Hedman and Tavares were matched up early and often in this game. Four minutes into the period, Hedman was pinching in towards an open spot in the crease when Tavares turned his head, saw the play, and filled the passing lane. On the ensuing rush into the Swedish zone, Hedman shadowed Tavares all the way to the front of the net, anticipating a pass that never came.

Later that same period — on another Canadian power play — Hedman intercepted a Tavares pass into the slot to break up a scoring chance. This after aggressively throwing his weight around to disrupt the establishment of the Canadian power play.

In fact, Hedman seemed to be making up for a lackluster tournament with his dominant play in the first period. The burly Swede combined physical play with an ability to keep the puck on a string, engaging in a pair of dramatic rushes that resulted in quality scoring chances. Alas, it was all for naught in the first as the Canadian squad ended the first period up one goal.

In the second, Hedman stood up for his goaltender as Angelo Esposito collided with netminder Jacob Markstrom three-and-a-half minutes into the period. Hedman put Esposito in a headlock as a minor scrum took place. No penalties were called either way. And that inaction allowed Esposito to walk out in front of the Swedish goal a few short moments later and backhand his third goal of the tournament, on a second assist from Tavares. From that point on, every time Hedman touched the the crowd booed vociferously.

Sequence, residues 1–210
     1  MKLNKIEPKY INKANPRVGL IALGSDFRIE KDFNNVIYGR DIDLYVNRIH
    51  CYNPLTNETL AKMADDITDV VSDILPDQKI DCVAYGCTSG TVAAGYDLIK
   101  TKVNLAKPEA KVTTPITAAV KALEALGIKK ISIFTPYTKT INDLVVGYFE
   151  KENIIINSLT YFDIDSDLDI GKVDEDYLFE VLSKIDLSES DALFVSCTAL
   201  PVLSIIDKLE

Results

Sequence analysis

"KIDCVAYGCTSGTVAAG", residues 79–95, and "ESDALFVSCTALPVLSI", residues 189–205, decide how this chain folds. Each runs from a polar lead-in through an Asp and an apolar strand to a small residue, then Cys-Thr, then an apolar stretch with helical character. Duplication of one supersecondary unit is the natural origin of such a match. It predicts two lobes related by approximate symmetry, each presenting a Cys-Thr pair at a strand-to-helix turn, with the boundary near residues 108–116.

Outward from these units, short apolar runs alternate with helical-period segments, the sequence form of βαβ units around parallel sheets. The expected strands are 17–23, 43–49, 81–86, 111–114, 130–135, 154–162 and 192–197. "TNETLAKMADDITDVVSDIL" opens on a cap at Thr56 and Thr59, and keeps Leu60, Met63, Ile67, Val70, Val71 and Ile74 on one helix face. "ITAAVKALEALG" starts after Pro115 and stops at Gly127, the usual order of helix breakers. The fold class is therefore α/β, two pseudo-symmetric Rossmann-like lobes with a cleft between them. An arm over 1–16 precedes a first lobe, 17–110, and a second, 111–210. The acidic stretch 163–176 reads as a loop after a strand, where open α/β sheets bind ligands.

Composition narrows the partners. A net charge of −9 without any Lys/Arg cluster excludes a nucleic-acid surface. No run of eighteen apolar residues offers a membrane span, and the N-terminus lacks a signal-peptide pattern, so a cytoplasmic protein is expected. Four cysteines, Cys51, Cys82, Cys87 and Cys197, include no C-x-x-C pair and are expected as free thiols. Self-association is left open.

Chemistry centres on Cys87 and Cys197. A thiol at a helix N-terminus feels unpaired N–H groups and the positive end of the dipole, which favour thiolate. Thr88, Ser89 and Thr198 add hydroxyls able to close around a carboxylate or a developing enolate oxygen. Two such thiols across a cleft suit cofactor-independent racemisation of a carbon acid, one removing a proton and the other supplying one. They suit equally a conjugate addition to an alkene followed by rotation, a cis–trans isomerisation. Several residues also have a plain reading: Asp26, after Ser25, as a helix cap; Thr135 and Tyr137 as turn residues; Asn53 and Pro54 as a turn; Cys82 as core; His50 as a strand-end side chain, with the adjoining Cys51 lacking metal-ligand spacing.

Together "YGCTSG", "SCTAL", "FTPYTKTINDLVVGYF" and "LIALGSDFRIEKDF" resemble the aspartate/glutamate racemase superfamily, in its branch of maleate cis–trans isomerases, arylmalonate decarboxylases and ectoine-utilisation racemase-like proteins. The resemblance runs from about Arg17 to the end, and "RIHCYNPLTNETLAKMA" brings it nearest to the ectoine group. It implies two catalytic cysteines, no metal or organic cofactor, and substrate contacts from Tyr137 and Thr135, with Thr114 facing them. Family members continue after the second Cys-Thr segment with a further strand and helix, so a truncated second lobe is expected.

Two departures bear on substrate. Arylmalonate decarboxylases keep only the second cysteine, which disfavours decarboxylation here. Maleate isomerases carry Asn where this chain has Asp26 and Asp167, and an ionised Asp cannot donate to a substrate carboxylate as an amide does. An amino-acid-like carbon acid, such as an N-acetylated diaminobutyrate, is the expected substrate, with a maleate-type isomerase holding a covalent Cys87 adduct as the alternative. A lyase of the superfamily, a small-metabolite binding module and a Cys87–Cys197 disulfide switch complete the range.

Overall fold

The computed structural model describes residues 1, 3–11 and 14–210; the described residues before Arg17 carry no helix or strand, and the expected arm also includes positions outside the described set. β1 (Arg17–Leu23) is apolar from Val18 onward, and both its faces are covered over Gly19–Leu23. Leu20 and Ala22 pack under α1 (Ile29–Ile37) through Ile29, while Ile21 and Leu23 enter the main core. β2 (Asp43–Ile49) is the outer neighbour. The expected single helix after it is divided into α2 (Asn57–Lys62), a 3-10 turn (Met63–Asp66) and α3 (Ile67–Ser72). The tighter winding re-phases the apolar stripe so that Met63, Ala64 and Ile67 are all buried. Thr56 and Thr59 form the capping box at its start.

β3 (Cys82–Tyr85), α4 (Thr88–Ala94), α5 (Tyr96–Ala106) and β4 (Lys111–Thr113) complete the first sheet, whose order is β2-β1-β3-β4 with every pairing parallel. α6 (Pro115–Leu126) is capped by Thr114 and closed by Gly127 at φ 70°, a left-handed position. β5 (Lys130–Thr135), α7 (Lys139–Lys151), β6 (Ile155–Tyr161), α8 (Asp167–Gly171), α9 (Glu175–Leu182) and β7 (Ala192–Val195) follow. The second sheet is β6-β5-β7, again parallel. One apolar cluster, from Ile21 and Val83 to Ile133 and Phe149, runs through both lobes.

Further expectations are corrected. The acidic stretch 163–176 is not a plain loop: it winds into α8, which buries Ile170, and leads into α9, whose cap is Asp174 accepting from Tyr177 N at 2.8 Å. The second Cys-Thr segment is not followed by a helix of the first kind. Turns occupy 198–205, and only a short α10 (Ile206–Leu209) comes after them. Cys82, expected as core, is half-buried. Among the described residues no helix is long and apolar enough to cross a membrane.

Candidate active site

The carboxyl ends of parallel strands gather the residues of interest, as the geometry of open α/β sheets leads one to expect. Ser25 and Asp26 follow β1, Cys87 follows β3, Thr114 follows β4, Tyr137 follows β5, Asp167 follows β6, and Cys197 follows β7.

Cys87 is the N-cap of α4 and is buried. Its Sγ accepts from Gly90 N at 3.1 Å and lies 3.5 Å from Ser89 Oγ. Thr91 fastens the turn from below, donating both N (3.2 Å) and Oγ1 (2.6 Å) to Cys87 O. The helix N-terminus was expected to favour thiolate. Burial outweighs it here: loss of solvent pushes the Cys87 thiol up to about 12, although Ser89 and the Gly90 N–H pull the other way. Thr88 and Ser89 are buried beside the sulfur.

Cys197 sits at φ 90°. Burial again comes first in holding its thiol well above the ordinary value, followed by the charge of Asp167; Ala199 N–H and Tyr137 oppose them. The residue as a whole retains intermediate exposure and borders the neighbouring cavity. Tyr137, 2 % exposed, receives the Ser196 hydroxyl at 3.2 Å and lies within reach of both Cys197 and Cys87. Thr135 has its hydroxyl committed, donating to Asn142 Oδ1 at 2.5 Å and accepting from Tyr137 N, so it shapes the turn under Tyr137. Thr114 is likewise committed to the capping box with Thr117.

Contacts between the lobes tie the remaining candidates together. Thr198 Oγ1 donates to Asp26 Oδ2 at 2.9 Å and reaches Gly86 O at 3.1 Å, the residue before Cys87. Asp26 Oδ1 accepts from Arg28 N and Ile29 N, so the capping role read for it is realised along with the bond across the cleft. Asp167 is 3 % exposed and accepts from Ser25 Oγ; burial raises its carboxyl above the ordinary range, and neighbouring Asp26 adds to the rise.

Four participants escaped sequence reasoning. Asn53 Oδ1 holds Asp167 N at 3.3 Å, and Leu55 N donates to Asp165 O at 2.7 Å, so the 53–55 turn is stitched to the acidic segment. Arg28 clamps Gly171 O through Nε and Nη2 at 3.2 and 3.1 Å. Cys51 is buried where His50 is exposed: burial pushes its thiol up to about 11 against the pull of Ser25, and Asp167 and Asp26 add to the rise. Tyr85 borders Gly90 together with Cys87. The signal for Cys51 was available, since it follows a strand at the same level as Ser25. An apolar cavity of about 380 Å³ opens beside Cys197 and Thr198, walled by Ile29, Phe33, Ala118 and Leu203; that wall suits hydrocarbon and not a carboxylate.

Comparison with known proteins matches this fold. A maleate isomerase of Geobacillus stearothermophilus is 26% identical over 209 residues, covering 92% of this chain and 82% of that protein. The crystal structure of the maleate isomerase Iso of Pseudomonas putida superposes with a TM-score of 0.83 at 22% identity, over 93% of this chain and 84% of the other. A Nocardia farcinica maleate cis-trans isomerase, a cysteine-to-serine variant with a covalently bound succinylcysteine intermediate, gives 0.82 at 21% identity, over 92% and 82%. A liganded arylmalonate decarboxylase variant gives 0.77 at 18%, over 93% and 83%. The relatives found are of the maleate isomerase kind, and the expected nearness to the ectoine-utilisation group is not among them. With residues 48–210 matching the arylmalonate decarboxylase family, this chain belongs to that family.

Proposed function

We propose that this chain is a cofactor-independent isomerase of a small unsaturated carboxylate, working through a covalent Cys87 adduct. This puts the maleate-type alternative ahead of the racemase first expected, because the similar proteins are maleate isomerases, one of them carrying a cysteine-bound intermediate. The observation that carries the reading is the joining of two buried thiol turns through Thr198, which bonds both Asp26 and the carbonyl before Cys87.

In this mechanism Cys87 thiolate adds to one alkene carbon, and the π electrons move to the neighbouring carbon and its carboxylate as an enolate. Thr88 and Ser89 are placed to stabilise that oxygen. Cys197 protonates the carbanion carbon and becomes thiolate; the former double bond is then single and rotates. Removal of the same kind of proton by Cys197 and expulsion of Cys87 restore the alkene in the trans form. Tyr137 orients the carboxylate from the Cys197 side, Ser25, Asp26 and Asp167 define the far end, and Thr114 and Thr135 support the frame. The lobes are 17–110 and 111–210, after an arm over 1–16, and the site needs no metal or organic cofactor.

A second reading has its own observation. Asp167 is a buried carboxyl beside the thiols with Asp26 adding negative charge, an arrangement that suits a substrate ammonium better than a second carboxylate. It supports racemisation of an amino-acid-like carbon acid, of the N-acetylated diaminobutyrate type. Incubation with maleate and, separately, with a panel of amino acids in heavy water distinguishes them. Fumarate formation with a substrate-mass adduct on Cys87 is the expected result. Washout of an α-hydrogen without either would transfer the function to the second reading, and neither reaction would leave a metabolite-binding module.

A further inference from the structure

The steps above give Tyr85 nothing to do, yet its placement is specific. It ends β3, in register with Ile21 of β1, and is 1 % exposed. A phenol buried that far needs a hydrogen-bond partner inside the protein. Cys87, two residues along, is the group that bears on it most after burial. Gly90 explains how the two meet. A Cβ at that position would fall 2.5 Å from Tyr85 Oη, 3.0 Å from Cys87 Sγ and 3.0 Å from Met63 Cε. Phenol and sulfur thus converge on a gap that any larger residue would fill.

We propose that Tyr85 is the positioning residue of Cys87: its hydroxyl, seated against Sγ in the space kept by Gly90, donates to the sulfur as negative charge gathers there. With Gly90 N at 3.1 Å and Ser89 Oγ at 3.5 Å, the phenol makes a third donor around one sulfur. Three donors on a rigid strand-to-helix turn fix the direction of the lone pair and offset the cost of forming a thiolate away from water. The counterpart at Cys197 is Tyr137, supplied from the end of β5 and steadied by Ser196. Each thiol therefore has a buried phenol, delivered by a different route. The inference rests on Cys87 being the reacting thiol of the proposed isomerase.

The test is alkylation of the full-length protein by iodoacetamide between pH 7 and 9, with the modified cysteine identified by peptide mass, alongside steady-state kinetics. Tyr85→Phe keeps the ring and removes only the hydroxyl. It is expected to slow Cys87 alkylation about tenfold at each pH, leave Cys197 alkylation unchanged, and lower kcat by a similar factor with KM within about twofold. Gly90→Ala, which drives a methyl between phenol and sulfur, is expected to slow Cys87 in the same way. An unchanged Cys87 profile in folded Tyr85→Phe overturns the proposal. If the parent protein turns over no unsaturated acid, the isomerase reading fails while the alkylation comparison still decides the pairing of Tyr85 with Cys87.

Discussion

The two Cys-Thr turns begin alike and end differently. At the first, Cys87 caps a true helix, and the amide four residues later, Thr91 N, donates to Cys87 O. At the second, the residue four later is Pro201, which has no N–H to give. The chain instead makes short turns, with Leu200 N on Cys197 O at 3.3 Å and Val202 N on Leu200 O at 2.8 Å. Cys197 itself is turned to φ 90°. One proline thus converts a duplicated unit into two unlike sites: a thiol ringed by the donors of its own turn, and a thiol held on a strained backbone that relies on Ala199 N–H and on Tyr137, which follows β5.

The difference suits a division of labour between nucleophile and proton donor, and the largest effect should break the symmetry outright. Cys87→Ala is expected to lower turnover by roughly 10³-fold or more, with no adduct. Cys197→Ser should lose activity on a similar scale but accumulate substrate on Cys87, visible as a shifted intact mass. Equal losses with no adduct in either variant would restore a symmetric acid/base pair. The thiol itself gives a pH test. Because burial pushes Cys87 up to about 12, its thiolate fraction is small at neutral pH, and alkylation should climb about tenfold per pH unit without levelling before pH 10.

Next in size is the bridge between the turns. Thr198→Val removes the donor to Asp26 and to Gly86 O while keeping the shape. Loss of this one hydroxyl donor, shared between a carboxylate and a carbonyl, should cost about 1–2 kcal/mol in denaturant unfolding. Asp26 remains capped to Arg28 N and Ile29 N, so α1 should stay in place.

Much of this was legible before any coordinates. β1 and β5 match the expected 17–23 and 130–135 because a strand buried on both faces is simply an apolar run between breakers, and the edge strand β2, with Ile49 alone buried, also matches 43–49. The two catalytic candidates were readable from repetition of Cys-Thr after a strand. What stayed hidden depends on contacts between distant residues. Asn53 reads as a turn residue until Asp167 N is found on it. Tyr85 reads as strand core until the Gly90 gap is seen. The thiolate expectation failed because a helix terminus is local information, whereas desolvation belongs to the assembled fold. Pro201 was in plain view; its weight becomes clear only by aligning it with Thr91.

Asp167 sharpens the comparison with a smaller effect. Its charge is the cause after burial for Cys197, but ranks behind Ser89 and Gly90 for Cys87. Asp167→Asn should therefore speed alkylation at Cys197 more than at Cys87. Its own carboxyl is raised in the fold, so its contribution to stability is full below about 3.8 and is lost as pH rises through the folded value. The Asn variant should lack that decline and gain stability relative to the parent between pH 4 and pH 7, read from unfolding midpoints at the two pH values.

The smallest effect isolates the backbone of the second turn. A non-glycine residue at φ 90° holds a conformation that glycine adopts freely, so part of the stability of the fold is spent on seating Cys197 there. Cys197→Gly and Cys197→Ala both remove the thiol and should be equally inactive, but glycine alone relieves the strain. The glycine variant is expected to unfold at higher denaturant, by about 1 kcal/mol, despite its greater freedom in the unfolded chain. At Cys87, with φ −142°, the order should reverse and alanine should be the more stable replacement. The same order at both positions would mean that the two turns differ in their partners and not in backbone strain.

"I don’t really care about that. I wasn’t there to make any new friends. It’s hard to take. The refs had rules for the other games and they changed the rules for this one," Hedman said. "Somebody needed to stand up for my goalie and I did it. If they want to boo my they can boo me. I care about my goalie, I don’t really care about the people around."

Tavares continued to wreak havoc on the Swedish defense, at one point generating two scoring chances on the same shift, which were only quelled by Markstrom’s all-world play. And he showed a little defensive awareness, saving a sure goal on a Swedish power play by getting down on hands and knees to rescue an out-of-position Dustin Tokarski.

Tokarski, Tampa Bay’s 2008 fifth-round selection, quieted those critics who questioned his continued presence in the Canadian net. His performance in the gold medal game was reminiscent of his run in last year’s Memorial Cup tournament — a run that was highlighted by a 53-save performance against the host Kitchener Rangers in the Cup-clinching game and his naming as the tournament’s top goaltender and MVP.

"It’s an unbelievable feeling. The Memorial Cup was something special — an unbelievable group of guys throughout the whole season who came together as one," he said. "And here’s another unbelievable group of guys that in a little under a month came together and accomplished something amazing. They’re both separate pages of a similar book."